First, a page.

My sister declared at 12 years old that she was becoming a vegetarian. She had recently joined a group at school called Listen to the Animals. She drew the conclusion that if animals could speak, they would probably say something along the lines of “Please. Don’t. Eat. Me.”
My mother was perplexed by my sister’s “alternative” lifestyle. In the early ’90s, the grocery store wasn’t exactly overflowing with options. It would take years for kale, quinoa and pulses to make their way into our collective, culinary lexicon. But my mom got to work, making sure my sister had variety in her diet.
That was the extent of special preferences in our house, but I could write a book about the number of parents I meet dealing with some type of finicky eater or another.
I’ve heard about:
- An 11-year-old boy who will eat pepperoni sticks, but only the smooth ones. If a fresh stick has a wrinkled surface, it’s inedible.
- A teenage girl who survives off of potatoes, bread and cheese.
- A nine-year-old who has a love-hate relationship with steak. One week he can’t get enough. The next week, it’s poison.
Ellyn Satter, a world-renowned family therapist and registered dietitian nutritionist, says if you have an adolescent picky eater, all hope isn’t lost.
“It can be repaired at that point,” she said.
Satter has a number of tips to offer to make meal-time more amicable.
“The solution is the same as the prevention,” Satter said. The dietitian recommends using the Division of Responsibility in Feeding.
Parents determine what, when and where the child will eat. The child decides if they eat and how much.
“The bottom line is tranquil, enjoyable, pleasant family meals where the child can join in and make a contribution to the enjoyability of the family meal,” Satter said. “As you know, if there’s a picky kid at the table, many times it’s just chaos.”
Be considerate without catering
Satter suggests giving your child a plate with a variety of options, including something they are familiar with and will typically eat. That doesn’t mean presenting their favourite food every single meal, but it does mean including something that typically makes it down the pipe.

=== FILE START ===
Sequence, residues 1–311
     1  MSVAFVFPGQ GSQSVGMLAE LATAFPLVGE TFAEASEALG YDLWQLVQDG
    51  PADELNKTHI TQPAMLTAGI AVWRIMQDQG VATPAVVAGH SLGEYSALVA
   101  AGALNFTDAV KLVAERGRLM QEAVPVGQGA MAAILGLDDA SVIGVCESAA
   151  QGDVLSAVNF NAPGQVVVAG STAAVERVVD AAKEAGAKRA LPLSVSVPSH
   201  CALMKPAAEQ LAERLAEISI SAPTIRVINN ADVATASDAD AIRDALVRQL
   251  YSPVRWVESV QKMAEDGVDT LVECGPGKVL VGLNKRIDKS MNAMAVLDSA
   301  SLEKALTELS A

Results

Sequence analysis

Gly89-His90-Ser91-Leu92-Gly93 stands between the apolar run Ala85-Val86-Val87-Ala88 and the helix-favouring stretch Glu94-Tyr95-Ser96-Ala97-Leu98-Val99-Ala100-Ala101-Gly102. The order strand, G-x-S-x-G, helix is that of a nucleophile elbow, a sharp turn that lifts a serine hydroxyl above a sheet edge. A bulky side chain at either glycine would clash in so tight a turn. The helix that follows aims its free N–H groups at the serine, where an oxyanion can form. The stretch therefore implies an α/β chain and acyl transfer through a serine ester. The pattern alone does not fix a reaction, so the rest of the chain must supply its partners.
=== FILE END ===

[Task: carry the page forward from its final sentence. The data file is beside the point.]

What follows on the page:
“It’s positioning the child so he can come to the family meal happy, he can consider what’s there, he can say ‘yes, please’ to some items and ‘no, thank you’ to others. In other words, he can behave decently. He can not freak out when there’s food there that is not necessarily to his liking.”
Satter says if children learn to feel comfortable around a variety of food, they are positioned to “ever-so-gradually” test out unfamiliar food and learn to enjoy it.
Have a chat
Satter recommends communicating your expectations. Tell your child they are expected to show up to the table hungry and on time, to look food over and eat what they’re interested in.
“They’re going to test by eating very little of anything at all and getting right up after the meal and wanting to raid the refrigerator. The parent is going to have to say, ‘That’s it until bed time.'”
The dietitian says it could take two or three weeks before a child’s attitude changes and three or four months before they start to “ever-so-cautiously experiment with unfamiliar foods.”
I ask Satter about the success rate of her method. How many children have become more adventurous eaters as a result? She says I’m missing the point. Her goal isn’t to broaden palates, it’s to help kids enjoy food, relax at mealtime and eat in public without making a fuss. She says when you throw in the agenda or goal, the pressure – which complicates a child’s relationship with food – is back.
“Children do tend to become more adventurous eaters but it takes years… and parents simply can’t pin their hopes on this,” Satter said. “All they can do is continue to put together meals with food that they enjoy… and not making a fuss about what anyone eats or does not eat.”
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